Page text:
Introducing BSF With A Warning

BSF, Bible Study Fellowship, BSF rules

I have gone to a Bible study every week since I moved back to Arkansas called Bible Study Fellowship (BSF), and I really love it.

I’ve studied the Bible a lot of different ways with different groups and different materials…with just women, with men and women, with children…with books studies, with topical studies, with discussions about books written about the Bible.

There are as many different ways to study the Bible out there as there are personalities.

So what is special about BSF?

Let me tell you. It’s very very straightforward…just you and the Bible. You read the scripture. You answer your questions. It’s set up to do a little bit every day.

You go to bible study on Wednesday. You discuss your questions in a discussion group. (not a small group…a discussion group…I’ll come back to that.) You hear a lecture from the teaching leader, which at my class is very good. (My teaching leader’s name is Carla and she is precious).

After the lecture, you pick up your questions. You go home and start over. It’s routine. It’s consistent. It can even be monotonous. But, I can honestly say that I have not ever learned more about the Bible or studied as consistently in another Bible study setting.

If you stay in BSF (a lot of people drop out), you just do it. You kind of get lost if you don’t, so you just plug through.

As far as my spiritual journey goes, I have had a lot of ups and downs but one thing I’ve learned is that I am pretty much guaranteed for DOWN if I’m not reading God’s word. It’s that simple. I can still be down anyway, but I don’t have a chance without the words of God pouring into me consistently. BSF sets me up for success as far as studying the Bible daily.

Also, I love the preschoolers’ program (ages 2-6). It’s so good. This spring Ben has enjoyed his last season in the children’s program at BSF and I just cannot say enough about how wonderful it is. I will definitely take simon when he turns 2. Again, very bible based, very consistent. The teachers take so much time preparing to teach the bible story. And they really love those little ones, praying for them and encouraging the mommies. It is such a great ministry.

Every week at BSF, they pass out these little invitation cards and strongly encourage us to invite people to come to BSF. So why haven’t I told you about BSF?

Why haven’t I invited you?

Well these cards are very small and I can’t quite fit all my disclaimers about BSF onto the margins of this little card. So I thought I would invite you now. But first I will tell you some of the things you might not love about BSF, so that you will not get mad at me when you show up and you are ushered to your seat. That’s right, you will be told where to sit. Just like kindergarten. And that brings me to my next point. There are sort of, a lot of, well, for lack of a better word…rules. What’s crazy is that the rules that really bug me also contribute to creating the environment for consistent Bible study that I love.

For example, you can’t talk if you don’t do your lesson. And you can’t talk about anything except your lesson. That is why it is a discussion group, not a small group and definitely not a support group. You are talking about the lesson. No one is saying what their pastor said last week or worse, what Oprah or Dr. Phil said last week. I appreciate this because everyone is motivated to complete their lesson and I love hearing what the other ladies got out of their lesson. They are all from way different walks of life than me, which is another great thing about BSF. Varying denominations, ages, races, spiritual maturity.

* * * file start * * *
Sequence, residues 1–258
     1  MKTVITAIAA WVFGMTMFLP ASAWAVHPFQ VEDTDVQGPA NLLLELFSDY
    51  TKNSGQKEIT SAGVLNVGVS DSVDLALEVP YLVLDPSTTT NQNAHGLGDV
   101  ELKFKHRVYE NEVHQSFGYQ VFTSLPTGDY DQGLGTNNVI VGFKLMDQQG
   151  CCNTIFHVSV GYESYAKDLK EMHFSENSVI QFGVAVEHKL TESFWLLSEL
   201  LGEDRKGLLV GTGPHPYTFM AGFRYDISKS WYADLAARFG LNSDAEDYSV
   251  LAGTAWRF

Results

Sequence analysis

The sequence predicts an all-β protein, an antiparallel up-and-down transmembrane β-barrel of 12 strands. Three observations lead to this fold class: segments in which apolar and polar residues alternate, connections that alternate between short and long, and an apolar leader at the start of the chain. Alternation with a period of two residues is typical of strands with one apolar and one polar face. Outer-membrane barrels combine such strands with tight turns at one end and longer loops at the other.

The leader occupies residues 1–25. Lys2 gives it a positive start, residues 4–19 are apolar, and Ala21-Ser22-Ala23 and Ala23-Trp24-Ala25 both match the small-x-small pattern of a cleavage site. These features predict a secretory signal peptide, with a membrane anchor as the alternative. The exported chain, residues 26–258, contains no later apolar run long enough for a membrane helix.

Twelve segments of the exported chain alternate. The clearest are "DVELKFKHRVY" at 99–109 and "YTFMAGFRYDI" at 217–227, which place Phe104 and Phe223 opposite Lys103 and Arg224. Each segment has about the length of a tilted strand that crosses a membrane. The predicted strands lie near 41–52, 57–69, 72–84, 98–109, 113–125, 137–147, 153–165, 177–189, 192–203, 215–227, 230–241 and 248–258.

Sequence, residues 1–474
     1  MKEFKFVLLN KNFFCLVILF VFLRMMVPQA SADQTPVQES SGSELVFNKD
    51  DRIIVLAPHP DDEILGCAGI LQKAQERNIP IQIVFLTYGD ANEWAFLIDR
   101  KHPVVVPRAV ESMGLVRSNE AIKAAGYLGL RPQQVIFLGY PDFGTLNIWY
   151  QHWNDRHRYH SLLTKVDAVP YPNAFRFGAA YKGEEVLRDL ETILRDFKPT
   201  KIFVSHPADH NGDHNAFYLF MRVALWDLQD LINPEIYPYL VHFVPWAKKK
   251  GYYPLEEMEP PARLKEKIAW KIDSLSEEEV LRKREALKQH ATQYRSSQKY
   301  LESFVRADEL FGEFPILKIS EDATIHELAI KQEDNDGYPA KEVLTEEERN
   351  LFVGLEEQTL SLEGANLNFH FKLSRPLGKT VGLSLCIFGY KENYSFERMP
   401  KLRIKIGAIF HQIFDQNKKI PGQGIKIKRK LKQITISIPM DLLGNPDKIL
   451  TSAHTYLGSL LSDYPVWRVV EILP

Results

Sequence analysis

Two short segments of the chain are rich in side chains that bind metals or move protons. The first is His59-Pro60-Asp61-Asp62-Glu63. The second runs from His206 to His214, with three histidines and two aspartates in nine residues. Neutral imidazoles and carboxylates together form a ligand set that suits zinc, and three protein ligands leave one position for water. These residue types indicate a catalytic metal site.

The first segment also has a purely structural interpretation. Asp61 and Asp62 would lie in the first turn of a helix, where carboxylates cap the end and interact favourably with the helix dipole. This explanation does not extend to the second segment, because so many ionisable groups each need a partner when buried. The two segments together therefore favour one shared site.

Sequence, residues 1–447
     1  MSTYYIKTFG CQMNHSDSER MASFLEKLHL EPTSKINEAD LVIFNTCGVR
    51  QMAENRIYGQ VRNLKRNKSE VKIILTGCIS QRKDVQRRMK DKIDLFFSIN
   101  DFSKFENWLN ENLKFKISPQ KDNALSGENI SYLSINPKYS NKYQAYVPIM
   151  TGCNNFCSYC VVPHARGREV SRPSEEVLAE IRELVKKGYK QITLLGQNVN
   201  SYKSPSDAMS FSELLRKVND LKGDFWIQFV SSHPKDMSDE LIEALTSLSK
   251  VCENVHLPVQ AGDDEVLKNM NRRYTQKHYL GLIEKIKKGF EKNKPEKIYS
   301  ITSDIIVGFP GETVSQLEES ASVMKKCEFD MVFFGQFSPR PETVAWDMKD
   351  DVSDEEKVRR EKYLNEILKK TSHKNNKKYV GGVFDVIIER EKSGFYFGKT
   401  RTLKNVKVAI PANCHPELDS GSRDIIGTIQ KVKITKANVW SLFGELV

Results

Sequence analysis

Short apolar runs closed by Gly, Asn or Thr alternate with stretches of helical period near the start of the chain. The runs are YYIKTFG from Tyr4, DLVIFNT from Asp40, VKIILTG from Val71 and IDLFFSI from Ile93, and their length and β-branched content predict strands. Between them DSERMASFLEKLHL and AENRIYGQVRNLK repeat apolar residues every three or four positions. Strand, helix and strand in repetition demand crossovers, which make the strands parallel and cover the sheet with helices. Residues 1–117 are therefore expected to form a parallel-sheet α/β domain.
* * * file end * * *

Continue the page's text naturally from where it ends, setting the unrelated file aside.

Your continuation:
But all these rules can be a little intimidating. Especially because on your first visit to BSF, you don’t attend a discussion group. You go to what is called Introduction Class…also known as a boring recitation of the history of BSF and all the rules and guidelines. This class is more than I can bear, and I am sorry to send you to it, but you must endure it if you are going to enjoy the wonderful benefits of being in BSF. All I can say is, endure it with a friend and maybe you could get some material if you worked for a comedy channel or club that needed material for making fun of Christians. Ok, that is a little harsh, but really. It is also true. I have said that I wish somehow BSF could sort of ease up on things like strict attendance records and a very short window of opportunity to get your lesson for the following week, because it seems to hinder a lot of people from coming to something that is actually really good. But the legalism must preserve the whole thing from becoming fluffy. And incidentally, if you are a BSF-er, you kind of need something fluffy on the side to balance you out. Because bsf is not fluffy. It is anything but.

In fact, it is best to approach it as signing up for a seminary class, because, if you wanted to, you could get as much or more out of it as some people get out of a seminary education. And unlike seminary, it is free.

So consider yourself both invited and warned. The next two wednesdays are introduction classes for the fall BSF study, which is Matthew. C’mon matthew! May 2nd and 9th. at Cornerstone Bible Fellowship on Warden Road. 9:10am. If you wander in around 9:15 or so, come stand in the back with Whitney and me and enjoy the singing of a very old and noncopyrighted hymn an octave higher than is humanly possible. You’ll love it, I promise!

Update, January 2013: